<aside> 🌈 Note: Some students have made some discoveries prior to taking the course! In this case, you can “test out” of the relevant assessment.
<aside> ◼️ To complete Unit 1
Discovery 1 — Emotions Point to Values
Discovery 2 — Ubiquitous Crowding Out
Discovery 3 — Meaning & Attention
Skill 1 — Emotions to Values
Skill 2 — Sorting Values from Other Motives
Skill 3 — Writing Values Clearly
Discovery 1 is that from every emotion you can harvest a value. This tends to change people’s relationship to their feelings, and makes negative feelings, especially, much more exciting to have, because there's a straightforward way to learn from them.
Discovery 2 is about how many opportunities we miss to live by our values each day, for various environmental and psychological reasons. Students who make this discovery will become acutely aware of when they are unnecessarily goal-directed or driven by others’ expectation, or when the circumstances are making the values they’d like to live by impossible. Seeing this in detail can be exciting, shocking, and embarrassing.
Students who’ve made
discovery 2 will see the fine structure of their life—where they can live by their values, and where not. They will be able to recount when their own psychological habits are leading them away from their values. They will be able to give many recent occasions where they were focused on preferences rather than values, on goals rather than values, on avoiding fears rather values, on living up to expectations rather than values, etc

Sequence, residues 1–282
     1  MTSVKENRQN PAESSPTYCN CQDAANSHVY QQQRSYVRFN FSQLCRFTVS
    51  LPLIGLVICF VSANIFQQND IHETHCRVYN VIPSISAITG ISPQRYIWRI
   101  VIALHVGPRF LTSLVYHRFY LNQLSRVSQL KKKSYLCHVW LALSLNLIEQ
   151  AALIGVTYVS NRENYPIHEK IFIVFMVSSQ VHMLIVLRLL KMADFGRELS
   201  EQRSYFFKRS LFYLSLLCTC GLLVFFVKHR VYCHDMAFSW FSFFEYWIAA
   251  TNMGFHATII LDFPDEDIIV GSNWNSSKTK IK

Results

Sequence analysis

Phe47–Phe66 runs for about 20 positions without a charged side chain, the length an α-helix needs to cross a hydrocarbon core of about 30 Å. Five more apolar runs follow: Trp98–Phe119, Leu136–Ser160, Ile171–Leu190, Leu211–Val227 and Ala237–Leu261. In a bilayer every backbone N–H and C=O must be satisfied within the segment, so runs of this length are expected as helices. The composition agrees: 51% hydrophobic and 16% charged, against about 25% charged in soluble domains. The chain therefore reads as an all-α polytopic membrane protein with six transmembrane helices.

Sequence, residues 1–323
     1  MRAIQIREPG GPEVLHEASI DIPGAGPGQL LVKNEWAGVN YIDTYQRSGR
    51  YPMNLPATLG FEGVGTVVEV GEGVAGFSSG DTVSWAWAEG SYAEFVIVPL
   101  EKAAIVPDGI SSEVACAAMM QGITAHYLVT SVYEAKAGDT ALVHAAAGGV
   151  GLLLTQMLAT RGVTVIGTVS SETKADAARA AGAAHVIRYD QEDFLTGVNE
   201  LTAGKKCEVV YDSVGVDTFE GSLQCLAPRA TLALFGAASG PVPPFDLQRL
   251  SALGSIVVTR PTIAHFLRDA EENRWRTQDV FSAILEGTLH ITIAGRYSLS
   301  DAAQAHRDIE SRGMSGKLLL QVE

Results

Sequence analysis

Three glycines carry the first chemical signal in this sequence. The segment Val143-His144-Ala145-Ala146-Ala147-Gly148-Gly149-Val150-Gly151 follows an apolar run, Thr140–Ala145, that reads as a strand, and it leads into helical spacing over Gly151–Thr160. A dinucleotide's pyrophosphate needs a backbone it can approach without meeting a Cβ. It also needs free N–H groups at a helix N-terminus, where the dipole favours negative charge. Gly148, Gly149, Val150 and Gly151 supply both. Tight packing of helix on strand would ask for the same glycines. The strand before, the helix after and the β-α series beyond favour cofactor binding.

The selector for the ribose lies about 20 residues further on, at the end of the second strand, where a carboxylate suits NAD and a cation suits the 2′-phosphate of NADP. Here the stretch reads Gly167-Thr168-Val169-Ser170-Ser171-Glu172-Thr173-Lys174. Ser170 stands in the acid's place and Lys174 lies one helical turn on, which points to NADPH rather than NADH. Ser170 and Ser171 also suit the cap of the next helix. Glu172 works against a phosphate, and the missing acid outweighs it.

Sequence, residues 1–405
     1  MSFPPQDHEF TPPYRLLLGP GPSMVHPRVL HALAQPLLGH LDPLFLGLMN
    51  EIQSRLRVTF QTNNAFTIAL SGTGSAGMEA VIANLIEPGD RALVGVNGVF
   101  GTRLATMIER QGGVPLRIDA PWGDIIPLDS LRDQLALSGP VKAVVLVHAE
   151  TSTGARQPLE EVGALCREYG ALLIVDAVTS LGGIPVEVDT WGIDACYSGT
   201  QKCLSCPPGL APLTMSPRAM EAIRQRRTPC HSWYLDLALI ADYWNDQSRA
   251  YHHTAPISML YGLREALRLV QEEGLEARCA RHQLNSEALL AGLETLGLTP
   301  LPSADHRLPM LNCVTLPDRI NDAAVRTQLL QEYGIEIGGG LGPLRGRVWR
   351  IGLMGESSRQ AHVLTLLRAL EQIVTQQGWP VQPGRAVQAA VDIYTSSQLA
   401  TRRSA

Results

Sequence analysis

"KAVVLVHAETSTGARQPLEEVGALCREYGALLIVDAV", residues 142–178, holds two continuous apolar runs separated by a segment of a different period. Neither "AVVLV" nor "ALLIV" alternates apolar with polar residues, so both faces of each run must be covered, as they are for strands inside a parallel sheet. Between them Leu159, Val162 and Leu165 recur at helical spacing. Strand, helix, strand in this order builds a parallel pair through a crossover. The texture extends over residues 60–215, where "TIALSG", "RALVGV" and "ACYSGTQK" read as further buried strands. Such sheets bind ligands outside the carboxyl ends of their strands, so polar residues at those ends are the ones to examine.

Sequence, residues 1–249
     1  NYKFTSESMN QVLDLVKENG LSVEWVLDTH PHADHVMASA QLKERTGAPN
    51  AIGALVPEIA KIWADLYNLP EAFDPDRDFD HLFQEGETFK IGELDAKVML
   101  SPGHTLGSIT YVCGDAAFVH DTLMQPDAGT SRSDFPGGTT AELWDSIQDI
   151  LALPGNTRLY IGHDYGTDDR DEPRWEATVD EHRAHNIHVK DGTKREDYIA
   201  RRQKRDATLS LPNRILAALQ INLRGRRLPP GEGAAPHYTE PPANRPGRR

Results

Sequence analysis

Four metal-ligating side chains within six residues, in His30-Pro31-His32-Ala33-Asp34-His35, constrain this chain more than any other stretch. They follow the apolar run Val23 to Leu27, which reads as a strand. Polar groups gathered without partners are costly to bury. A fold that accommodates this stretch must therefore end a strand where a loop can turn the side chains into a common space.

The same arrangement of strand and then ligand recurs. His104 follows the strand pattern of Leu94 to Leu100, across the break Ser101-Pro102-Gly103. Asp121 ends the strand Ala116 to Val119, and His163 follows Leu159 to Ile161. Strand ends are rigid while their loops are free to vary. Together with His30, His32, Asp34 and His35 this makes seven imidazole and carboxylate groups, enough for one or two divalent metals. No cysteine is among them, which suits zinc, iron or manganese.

Discovery 3 is about the close relationship between meaning and attention. An experience of meaning always comes with an attentional policy.
Skill 1is becoming quick and precise with naming the values in emotions—so that you can name your feelings as they arise, and also name what they’re telling you is important. For emotionally articulate students, this can be done after a day of practice.
Skill 2is skill at sorting out your values from the other types of motivations that guide you, and—when you are talking with someone else—sorting their motivations in the same way.
Skill 3is about writing out these attentional policies so other people can understand what’s meaningful to you.
<aside> 🔬 Evaluation
Discovery 1 and
Skill 1 we’ll ask you to name your feelings and find the values behind them.
You can self assess with this worksheet Emotions to Values Practice
Discovery 2, we’ll ask for this fine-grained structure — how are you most often crowded out? You should be able to describe hundreds of times a day.
You can self-asses with this work sheet Crowding Out Task
Skill 2, we ask you to sort a list of potential “values” — to say which are real values and which are goals, expectations, etc. And we’ll ask you to sort your own motivations the same way.
You can practice honing your sorting skills with Sorting Values Task
skill 3 and
discovery 3, we will ask you to describe values precisely, as attentional policies.
<aside> 🤓 How to Learn
If you need these discoveries, the exercises and readings in Chapter 1. Telling Values Apart from Other Things (Previous) and Chapter 2. Finding Evidence of Values (Previous) will help. Specifically, focus on Emotions to Values and Crowding Out / Meaning Analysis.
Read Chapter 3. Emotions to Values and Chapter 1. Crowding Out
Chapter 3 covers attention and meaning. You can also try making your own values cards at meaning.supplies, and doing a careful reading of Making Values Concrete.